Not only do you get the fluid balance and electrolytes from these healthy options. You will also gain a range of vitamins, fiber, and phytonutrients.

Bottom Line: Proper sports nutrition becomes more important after a run, where you can balance electrolytes and hydration with a healthy diet and the occasional recovery drink.

runner pausing to drink electrolyte drink

Method of Electrolyte Replacement

The way you replace essential electrolytes that you lose during a run may vary.

Some rehydrate with electrolyte drinks. Others choose to take electrolytes supplements. Is there any real difference between these?

Electrolytes Stick Packs (Powders)

One of the most popular methods of electrolyte replenishment is the electrolyte stick packs.

These are in the form of powders containing essential vitamins and minerals that you need to mix into a glass of water and consume it like you would a punch mix. Electrolyte powders are often water-soluble and feature flavors for easy drinking.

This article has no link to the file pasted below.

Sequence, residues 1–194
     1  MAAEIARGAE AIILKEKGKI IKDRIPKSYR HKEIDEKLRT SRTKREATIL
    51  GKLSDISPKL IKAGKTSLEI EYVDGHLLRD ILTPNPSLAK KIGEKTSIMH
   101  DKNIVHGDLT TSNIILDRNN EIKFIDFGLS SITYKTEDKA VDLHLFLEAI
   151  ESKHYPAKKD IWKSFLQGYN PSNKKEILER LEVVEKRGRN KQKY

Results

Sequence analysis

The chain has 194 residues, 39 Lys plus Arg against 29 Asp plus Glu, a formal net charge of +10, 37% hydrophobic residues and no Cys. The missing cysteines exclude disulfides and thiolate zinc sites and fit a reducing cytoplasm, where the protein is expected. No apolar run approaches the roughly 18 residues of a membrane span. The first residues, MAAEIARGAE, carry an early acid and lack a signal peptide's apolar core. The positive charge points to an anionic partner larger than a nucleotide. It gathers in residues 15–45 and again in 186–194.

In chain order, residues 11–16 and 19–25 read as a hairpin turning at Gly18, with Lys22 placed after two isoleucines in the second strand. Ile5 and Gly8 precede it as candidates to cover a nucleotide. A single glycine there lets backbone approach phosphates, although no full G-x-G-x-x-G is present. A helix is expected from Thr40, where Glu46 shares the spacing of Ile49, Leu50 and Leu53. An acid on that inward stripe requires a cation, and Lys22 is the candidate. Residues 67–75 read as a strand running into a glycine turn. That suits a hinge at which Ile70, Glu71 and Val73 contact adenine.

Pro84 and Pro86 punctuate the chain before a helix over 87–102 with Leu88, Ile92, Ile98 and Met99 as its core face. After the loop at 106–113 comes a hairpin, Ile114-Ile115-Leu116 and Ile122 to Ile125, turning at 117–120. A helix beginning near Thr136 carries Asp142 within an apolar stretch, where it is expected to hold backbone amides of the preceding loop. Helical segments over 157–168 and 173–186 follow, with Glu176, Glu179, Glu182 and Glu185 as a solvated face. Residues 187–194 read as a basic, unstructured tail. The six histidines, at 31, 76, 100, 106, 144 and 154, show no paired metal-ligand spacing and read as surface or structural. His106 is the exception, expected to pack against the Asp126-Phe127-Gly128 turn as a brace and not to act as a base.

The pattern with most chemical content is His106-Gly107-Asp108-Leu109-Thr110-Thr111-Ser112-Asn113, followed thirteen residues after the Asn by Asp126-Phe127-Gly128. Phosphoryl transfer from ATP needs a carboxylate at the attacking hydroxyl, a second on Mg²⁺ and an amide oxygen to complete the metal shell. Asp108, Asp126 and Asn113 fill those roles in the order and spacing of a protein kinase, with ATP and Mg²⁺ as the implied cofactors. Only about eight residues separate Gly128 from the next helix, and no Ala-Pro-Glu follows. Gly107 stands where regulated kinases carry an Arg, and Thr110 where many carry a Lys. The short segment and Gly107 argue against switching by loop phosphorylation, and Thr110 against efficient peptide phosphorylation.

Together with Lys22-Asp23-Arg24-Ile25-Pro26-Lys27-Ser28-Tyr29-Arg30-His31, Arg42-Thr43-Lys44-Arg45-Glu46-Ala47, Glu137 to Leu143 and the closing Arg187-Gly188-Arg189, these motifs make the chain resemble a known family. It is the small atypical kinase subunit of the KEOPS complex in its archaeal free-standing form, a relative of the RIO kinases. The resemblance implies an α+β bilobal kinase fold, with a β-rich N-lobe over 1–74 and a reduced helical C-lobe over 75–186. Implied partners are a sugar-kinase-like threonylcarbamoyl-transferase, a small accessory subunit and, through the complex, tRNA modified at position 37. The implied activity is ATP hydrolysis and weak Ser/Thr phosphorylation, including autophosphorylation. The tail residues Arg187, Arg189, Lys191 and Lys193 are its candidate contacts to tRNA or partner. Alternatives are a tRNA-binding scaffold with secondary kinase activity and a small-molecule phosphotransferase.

They prove to work faster than regular water alone, containing more electrolytes than conventional sports drinks.

Summary: Electrolyte powders provide a high dose of electrolytes, while also allowing you to tailor the amount of fluids used–perfect for those who want to tailor their hydration regimen to a specific activity.

Electrolyte Gels

Another option to replace electrolytes for runners is electrolyte gels.

These gels are common in many marathons as they are designed to top off glycogen stores used during long-distance running.

They are quick to absorb into your body, which makes them highly effective.

Summary: Electrolyte gels are a favorite among long-distance runners, due to their quick absorption and ability to increase glycogen stores.

Electrolyte Tablets or Capsules

Lastly, you may opt for electrolyte capsules.

These electrolyte supplements are quick and easy to take and can provide adequate hydration during the run.

Summary: Most electrolyte tablets can provide you with enough electrolytes, including potassium, sodium, magnesium, and calcium. But you’ll need to make sure you’re taking them with the correct amount of fluids to avoid taxing your kidneys.

Jack Kelle

Jack is an entrepreneur, outdoorist, and animal lover with a background in philosophy, psychology, and business. He enjoys music, friends, and family. At RAVE, Jack works as the manager of marketing and content development.